Wednesday, February 3, 2010
The headline story on the front page of the Jan. 24 Steamboat Pilot & Today was titled “700 capital risks weighed.” After reading and considering that article, I have several questions that require clarification in order for me to make a more informed decision on the upcoming vote.
The article states that the annexation financial plan “estimates $72 million in potential project funding from the developers.” Do the developers actually have $72 million, or will that come from fees and taxes imposed on purchases of properties in time and from future profits from those sales?
The article also states, “Mulcahy said if the market does not generate enough home sales and associated property tax revenue at Steamboat 700, developers will be left holding the bill.” So what happens if developers are unable to pay the bill? What is the contingency for the city if they declare bankruptcy or go into foreclosure? Who is really stuck with the bill?
“We’re taking the risk of investing $53 million, whether the market will accept it or not,” Mulcahy said. Again, do the developers actually have $53 million or are they planning on generating that as the development progresses through profit on sales and fees? Please, some clarification for the voters.
Concerning the cost of two transit buses: “The remaining 80 percent would be funded by the city and grants, which Litzau said have been a stable funding source in recent years.” Considering the recent economic climate and effects it has had on state and federal budget allocations, how can we have any reasonable assurance that grant money will be available to pay any portion of the 80 percent of the city’s responsibility of the cost of those two new transit busses?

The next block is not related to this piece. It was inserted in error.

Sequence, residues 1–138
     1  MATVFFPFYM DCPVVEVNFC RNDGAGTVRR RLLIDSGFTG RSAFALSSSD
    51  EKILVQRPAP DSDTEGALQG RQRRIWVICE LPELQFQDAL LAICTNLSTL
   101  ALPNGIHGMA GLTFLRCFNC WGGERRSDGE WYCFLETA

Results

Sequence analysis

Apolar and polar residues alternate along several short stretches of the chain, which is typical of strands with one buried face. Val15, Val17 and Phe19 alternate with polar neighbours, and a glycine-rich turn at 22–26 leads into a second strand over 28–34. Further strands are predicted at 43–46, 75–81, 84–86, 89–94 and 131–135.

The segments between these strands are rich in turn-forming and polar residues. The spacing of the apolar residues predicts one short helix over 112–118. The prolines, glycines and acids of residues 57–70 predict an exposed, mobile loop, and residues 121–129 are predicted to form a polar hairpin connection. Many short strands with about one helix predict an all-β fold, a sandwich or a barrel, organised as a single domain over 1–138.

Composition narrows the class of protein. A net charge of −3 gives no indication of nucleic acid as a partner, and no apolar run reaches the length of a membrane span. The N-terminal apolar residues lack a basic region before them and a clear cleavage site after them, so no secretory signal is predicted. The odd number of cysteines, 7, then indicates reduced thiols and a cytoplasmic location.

Discussing highway improvements from 13th Street to Downhill Drive, the article states, “Steamboat 700 would pay 77 percent of those costs with the remainder assigned to the Colorado Department of Transportation, the Federal Highway Administration and other potential annexations west of Steamboat such as 360 Village.” What agreements or other guarantees are there in place that CDOT and the Federal Highway Administration will accept responsibility for any share of these costs? Is that just an assumption on the part of the developers and city staff? Are we talking about just design or actual work? What is the potential for 360 Village actually happening? When?
“Litzau said the involvement of other funding sources for capital projects makes the city’s cumulative commitment to capital projects relatively small.” What exactly is “relatively small?” Is that the best the voters have to go on? How many businesses would approve a final decision if the financials boiled down to “relatively small?” After the time, effort and money the developers and city staff have put into this project, I have a difficult time with a statement such as “relatively small” when considering the potential costs to the taxpayer within the city limits as an answer to such a long-term financial question.
As I read and study the West of Steamboat Springs Area Plan, I question whether it ever intended for such a large development to be annexed at one time. Is this large annexation really the answer to all our future housing concerns or an “illusion of grandeur” on the part of the developer and those who stand to profit from it that ultimately will cost the city a fortune? I honestly don’t know the answer to that, but more definitive answers to the above questions will certainly help me make a more informed decision when I cast my ballot.
J Michael Turner